Johannesburg - Golden Lions coach Johan Ackermann was close to tearing his hair out in frustration, not so much by the way his team stumbled to a 36-26 loss at the hands of the Blue Bulls in their Currie Cup encounter, but more by the refereeing decisions that negated his side’s normally strong scrum platform.
According to the supersport.com website, Ackermann called the contest “the most boring game” and admitted to being frustrated by referee Marius van der Westhuizen’s high penalty count - against both sides - at the set piece, that robbed the game of much momentum and made it a stop-start affair.
The Lions scrum has normally been one of the dominant ones in this year’s competition, but on Saturday both sides were heavily penalised for not binding properly. The penalty count skyrocketed and the Bulls simply went on to suffocate the Lions with their strong defence, and by keeping the scoreboard ticking.
Ackermann called on officials to sort out the scrums, as the penalties were doing the game harm.
The Lions coach was particularly peeved at the final scrum - when the scoreline was 29-26 and it looked as if the Lions had dominated the set piece, only to have Van der Westhuizen penalise them for walking around. From that scrum the Bulls forced a lineout drive which allowed them to pull away and deny the Lions a bonus point.
“The scrums were a headache - one for you, one for me. Even when you dominate a scrum, you don’t get the reward. I don’t know what they’re going to do? It changes week from week,” Ackermann said in frustration.
“We couldn’t play and I wonder if the Bulls could ever play from a scrum. Every time it was a free kick, or a penalty. Do people come to watch that? Or do they come to watch rugby? Something will need to be done urgently, or are there certain referees who handle scrums very differently to others?”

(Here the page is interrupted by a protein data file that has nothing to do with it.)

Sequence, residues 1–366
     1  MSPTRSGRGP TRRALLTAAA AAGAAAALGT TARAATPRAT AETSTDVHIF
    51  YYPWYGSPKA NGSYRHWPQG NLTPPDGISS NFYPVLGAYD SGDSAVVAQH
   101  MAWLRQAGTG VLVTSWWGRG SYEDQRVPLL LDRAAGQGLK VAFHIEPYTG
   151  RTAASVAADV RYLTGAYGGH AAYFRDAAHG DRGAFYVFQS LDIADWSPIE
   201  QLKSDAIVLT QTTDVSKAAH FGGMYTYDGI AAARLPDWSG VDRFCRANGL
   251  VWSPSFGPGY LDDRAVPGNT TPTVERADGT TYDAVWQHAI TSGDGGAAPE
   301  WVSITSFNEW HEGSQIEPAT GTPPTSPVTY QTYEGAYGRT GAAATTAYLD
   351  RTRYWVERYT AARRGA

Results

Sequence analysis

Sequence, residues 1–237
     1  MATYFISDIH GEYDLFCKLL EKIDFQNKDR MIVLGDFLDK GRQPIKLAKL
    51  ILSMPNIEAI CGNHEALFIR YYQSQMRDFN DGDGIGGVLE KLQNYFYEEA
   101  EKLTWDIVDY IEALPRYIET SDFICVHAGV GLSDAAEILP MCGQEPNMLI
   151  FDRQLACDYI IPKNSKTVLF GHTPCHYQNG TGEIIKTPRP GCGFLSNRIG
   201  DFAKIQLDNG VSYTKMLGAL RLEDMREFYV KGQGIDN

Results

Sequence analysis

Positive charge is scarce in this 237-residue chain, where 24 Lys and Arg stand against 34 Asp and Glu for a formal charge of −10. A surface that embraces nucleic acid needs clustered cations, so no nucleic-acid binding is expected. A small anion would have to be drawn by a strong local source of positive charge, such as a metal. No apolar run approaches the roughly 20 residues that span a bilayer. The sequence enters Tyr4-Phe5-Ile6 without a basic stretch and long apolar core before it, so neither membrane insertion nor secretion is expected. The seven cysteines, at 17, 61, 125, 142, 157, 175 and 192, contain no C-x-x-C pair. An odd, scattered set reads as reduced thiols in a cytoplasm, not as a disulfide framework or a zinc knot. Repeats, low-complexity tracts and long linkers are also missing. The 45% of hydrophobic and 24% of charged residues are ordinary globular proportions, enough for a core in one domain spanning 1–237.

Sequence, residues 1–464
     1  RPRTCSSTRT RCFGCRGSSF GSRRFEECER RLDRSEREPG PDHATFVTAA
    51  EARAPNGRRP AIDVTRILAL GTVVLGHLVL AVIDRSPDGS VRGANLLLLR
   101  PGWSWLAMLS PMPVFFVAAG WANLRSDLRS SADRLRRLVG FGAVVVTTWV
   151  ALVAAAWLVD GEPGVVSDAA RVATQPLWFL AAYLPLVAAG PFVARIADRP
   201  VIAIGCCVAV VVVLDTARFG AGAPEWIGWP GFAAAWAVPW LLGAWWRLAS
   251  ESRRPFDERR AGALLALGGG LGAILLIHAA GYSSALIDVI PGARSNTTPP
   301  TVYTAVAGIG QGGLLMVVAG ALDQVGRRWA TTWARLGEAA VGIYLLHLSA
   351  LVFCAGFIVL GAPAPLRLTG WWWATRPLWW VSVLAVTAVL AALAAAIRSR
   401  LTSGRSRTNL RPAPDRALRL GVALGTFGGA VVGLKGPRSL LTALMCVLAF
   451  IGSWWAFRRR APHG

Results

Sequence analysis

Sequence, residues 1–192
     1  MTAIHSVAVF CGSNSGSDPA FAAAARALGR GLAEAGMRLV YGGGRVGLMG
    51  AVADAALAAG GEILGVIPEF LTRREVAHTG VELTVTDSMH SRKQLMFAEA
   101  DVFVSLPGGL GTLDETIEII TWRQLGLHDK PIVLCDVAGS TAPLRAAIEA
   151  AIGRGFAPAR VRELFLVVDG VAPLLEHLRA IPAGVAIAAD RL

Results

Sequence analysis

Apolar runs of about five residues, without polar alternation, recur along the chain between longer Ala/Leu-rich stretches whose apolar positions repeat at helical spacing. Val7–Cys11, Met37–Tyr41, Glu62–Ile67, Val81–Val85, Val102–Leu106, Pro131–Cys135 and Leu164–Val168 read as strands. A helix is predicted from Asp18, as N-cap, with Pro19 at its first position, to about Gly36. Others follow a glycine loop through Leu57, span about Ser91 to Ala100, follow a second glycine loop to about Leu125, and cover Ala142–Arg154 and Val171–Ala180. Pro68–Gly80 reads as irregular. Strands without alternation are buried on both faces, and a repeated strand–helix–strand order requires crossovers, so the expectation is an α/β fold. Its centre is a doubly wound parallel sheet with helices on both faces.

Ackermann said that while both sides “cheated” in the scrums, at times another referee would have let the scrums go and not give a string of penalties as the ball had already come out.
“If the referee went to the one side, the other side cheated. To me he wasn’t certain what was happening. There were some obvious reasons, all the props were guilty of not binding properly. I would say they didn’t bind, and they would say we didn’t bind. The referee didn’t have control over the scrums,” he added.
“If the ball is won you could probably let it go, but there were times like the last scrum, when we were behind 29-26, I’d like to know what was wrong with that scrum?
“To me we were dominating that scrum. So now you can’t dominate the scrum because the referee feels somebody has done something wrong, and to me that is frustrating.
“Like I said before we were quite under control in the scrums but then suddenly there are a few penalties against you. Mondays are too late, we normally get the apology (from the ref) on a Monday but Mondays are too late.”
It will be interesting to hear what SA Rugby and their referee bosses say about Ackermann’s comments, but if history is anything to go by, the referee will be shielded and the coaches will bear the brunt for expressing their frustration.
Still, even an objective view of the scrums on Saturday will agree they were a shambles, and put a blight on a game that should have been a spectacle.